Racism And The Ku Klux Klan Essay

Since the early development of society in the United States,
racism has always been a divisive issue faced by communities on a
political level. Our country was built from the immigration of people
from an international array of backgrounds. However, multitudes of
white supremacists blame their personal as well as economic
misfortunes on an abundance of ethnic groups. African-Americans, Jews
and Catholics are only some of the of groups tormented by these white
supremacists. As the amount of ethnic diversity gradually increased in
the political systems of Louisiana and the United States,
organizations rapidly formed to challenge the new ethnic variation in
government. The Ku Klux Klan is one of these groups that were formed
by people who were angered by the increase of diversity in political
office and in the workplace. Local and state officials that were
members of the Klan aided in providing influence, money, and
information to the racist organization. As the civil rights movement
became accepted, it seemed as if the power of racist organizations
deteriorated. However, with the Klan demanding freedom of speech, with
political figures related to the Ku Klux Klan still bringing prejudice
to politics throughout the country, and with multitudes of
African-American churches being burned to the ground, it seems as if
the Ku Klux Klan is still a threat to the citizens of this country.

The Ku Klux Klan has played a major role in United States
history. As the south was undergoing the era of Reconstruction after
the Civil War, the votes of newly emancipated black Southerners put
the Republicans in power throughout the state. White Southerners
resorted to brute force to preserve the white supremacy they once had.
The Klan was originally arranged into secret societies that terrorized
local white and black Republican leaders. They also threatened all
African Americans who violated the old ideas of black inferiority.
Sworn to secrecy, its members wore white robes and masks and adopted
the burning cross as their symbol. The Klan members seemed to be most
active during election campaigns, when they would either scare people
into voting for their candidate or get rid their opponents entirely.
They were noticed for their horrible acts of violence that they called
nighttime rides. These attacks included murder, rape, beatings, and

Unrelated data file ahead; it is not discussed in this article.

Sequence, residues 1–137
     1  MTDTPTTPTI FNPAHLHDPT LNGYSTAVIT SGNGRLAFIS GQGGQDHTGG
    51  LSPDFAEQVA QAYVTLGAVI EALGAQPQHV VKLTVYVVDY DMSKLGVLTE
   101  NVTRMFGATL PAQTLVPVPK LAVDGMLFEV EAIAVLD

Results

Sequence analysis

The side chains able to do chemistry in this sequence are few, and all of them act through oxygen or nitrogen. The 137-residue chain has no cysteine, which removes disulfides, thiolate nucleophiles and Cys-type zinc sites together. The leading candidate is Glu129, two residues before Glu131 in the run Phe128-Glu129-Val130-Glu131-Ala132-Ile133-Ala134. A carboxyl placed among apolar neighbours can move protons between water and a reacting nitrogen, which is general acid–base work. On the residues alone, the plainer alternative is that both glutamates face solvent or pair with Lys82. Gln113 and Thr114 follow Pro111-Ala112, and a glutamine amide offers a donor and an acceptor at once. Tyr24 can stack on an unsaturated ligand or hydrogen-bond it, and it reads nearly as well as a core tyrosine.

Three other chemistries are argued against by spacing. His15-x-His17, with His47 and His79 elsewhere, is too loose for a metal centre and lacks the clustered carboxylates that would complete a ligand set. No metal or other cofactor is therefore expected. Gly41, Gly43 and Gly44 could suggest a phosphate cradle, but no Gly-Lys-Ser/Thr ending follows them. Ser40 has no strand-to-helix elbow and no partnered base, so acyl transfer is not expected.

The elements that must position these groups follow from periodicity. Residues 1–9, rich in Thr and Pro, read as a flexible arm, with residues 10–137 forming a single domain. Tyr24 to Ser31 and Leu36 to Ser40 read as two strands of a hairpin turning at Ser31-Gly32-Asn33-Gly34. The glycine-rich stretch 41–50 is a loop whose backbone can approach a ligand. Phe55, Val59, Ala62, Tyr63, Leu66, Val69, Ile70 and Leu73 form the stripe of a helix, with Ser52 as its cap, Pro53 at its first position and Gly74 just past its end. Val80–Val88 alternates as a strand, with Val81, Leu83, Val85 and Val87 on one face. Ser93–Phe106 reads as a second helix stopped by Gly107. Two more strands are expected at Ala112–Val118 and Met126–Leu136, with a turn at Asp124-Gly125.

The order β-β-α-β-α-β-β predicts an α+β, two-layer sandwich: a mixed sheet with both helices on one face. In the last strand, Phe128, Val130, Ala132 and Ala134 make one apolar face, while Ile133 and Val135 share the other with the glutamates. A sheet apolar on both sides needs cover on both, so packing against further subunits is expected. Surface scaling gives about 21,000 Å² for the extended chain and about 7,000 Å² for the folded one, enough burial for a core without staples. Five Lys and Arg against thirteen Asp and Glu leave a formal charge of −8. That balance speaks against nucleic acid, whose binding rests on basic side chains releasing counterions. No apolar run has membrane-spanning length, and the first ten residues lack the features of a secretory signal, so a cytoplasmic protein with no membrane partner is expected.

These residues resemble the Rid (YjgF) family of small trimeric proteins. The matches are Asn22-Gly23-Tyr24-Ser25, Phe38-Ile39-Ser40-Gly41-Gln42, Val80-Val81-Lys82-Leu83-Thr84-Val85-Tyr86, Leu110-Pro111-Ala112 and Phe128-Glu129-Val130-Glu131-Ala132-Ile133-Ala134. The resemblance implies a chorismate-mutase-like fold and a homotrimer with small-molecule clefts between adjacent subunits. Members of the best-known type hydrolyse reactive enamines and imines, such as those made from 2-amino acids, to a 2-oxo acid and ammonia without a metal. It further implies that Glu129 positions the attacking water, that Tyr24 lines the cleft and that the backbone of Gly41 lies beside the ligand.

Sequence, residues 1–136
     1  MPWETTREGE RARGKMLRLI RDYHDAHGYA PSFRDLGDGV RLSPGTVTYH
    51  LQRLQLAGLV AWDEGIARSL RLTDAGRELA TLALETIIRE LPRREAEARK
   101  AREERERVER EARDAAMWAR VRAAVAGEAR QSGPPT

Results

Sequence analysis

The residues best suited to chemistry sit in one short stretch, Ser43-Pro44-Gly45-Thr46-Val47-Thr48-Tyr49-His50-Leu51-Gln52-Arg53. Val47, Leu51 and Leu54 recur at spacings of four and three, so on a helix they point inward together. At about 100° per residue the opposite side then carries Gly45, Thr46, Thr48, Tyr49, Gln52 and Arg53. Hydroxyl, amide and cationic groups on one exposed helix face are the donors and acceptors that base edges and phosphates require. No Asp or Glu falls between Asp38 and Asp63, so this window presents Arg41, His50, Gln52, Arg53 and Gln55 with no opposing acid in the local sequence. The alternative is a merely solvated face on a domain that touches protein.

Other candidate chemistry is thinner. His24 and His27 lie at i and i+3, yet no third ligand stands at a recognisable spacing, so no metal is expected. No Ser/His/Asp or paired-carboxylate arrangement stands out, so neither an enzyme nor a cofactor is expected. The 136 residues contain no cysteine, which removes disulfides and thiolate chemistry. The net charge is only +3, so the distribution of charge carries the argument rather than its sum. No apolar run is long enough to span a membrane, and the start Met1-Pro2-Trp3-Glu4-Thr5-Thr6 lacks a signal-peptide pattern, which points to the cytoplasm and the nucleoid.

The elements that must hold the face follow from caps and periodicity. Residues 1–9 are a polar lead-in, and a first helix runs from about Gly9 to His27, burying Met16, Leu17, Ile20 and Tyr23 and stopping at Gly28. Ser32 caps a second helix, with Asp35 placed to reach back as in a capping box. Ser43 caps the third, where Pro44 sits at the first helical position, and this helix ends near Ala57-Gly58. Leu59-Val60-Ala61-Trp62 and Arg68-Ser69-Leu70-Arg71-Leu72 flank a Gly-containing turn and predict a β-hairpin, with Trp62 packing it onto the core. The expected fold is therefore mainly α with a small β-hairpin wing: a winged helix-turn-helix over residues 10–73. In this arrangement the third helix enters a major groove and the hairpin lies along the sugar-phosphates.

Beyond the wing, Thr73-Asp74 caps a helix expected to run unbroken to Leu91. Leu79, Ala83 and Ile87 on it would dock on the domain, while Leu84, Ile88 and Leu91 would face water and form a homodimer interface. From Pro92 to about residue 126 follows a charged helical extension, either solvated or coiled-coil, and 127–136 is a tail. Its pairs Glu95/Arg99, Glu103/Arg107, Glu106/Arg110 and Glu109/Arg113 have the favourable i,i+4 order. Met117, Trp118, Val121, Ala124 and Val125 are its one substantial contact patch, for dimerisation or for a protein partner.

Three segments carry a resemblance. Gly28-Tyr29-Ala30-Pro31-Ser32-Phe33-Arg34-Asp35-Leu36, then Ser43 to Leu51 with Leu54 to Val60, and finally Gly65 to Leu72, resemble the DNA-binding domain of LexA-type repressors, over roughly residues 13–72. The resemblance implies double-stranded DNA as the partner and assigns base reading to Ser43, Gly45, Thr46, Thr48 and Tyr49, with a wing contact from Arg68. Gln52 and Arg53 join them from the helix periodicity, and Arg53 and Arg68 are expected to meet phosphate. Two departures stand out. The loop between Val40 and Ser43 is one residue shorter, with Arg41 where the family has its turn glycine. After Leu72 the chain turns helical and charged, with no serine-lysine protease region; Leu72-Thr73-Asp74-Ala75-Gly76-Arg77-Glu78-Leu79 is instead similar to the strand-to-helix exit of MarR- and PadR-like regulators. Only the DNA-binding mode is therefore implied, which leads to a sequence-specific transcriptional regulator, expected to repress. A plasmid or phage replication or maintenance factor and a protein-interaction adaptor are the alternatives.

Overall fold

warnings and were designed to overcome Republican majorities in the
south. Due to the fear of a race war, state officials were unable to
suppress the violence. Law enforcement officials were Klan members
themselves and even when the law officers were legitimate, Klan
members also sat on juries where criminally accused members were often
The Klan was popularized through literature and film in the
early nineteenth century. Its influence spread with help from Thomas
B. Dixon’s The Clansman (1905) and D.W. Griffith’s movie The Birth of
a Nation (1915). (Harrel, 85) Harrel felt that this eventually “led to
the establishment of a new Ku Klux Klan, which spread throughout the
nation and preached anti-Catholic, anti-Jewish, anti-black,
antisocialist, and anti-labor-union Americanism” (87). Harrel stated
that the Klan’s two million adherents exercised great political power,
“often taking the law into their own hands, mobs of white-robed,
white-hooded men punished immorality and terrorized un-American
elements” (88).

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The Klan erupted as a secret organization employing its
secrecy to mislead the public and inquiring newspapers. Therefore,
they were labeled the invisible empire. Harrel urges the idea that in
certain regions the Klan did not have enough influence to become
politically triumphant (307).
“But where it was strong the Invisible Empire elected scores
of local officials, state legislators, a few governors, several
national representatives, including Earle B. Mayfield of
Texas, William J. Harris of Georgia, and Hugo Black of
Alabama, to the United States Senate.” (Harrel, 307)
The Klan was extremely hungry for political gain. The best way
to promote the growth of an organization of this sort would be the
expansion of a network with prominent political and investment

“The limitation of immigration, maintenance of national
prohibition, restriction of the political influence of the
Catholic Church and minority groups, clean government,
and maintenance of community morals, were goals
which violence and intimidation alone could not achieve.”
(Harrel, 305)
It is seemed necessary that in order to have a prosperous
organization, the Klan would have to infiltrate the political offices
held by the liberals. This is a task easier said than done.

“The Invisible Empire excluded from membership, and
thus insulted, Catholics, Jews, Negroes, and the
foreign born, groups which totaled forty per cent of
America’s population during the twenties…

Despite the fact that Klansmen looked upon the
groups they excluded from membership as ‘second
class citizens,’ America’s minority groups together
constituted a potentially powerful voting bloc which
could grind the Klan under if sufficiently aroused.”
(Harrel, 305)
An effort to enlist officials with both local and state
authority was adopted in this state of Louisiana from successful
attempts in Atlanta. “They first enrolled the Adjutant General of the
State of Louisiana, L.A. Toombs, and then inducted several members
of the state legislature, a number of local and district judges,
sheriffs, district attorneys, and police officers.” (Harrel, 309)
The idea of public officials having involvement in the Ku Klux
Klan is frightening, and still today it is present. In the early
decades of the nineteenth century people were not sensible in their
views of society as they are now. In present time people are more open
minded, racism does exist, but it is totally unacceptable for society
to tolerate bigotry from a political figure. A native of Louisiana,
David Duke has been a considerably active politician. As Duke
introduces a broad political campaign he does not leave behind his
ties to bigotry. Still affiliated with white supremacist groups Duke
has been “convicted of inciting to riot..” (“Lousisiana’s… 27). His
history has linked him to a variety of neo-nazi organizations. “As a
member of the KKK at Louisiana State University, where he received his
BA in history in 1974, he became an enthusiastic admirer of Adolph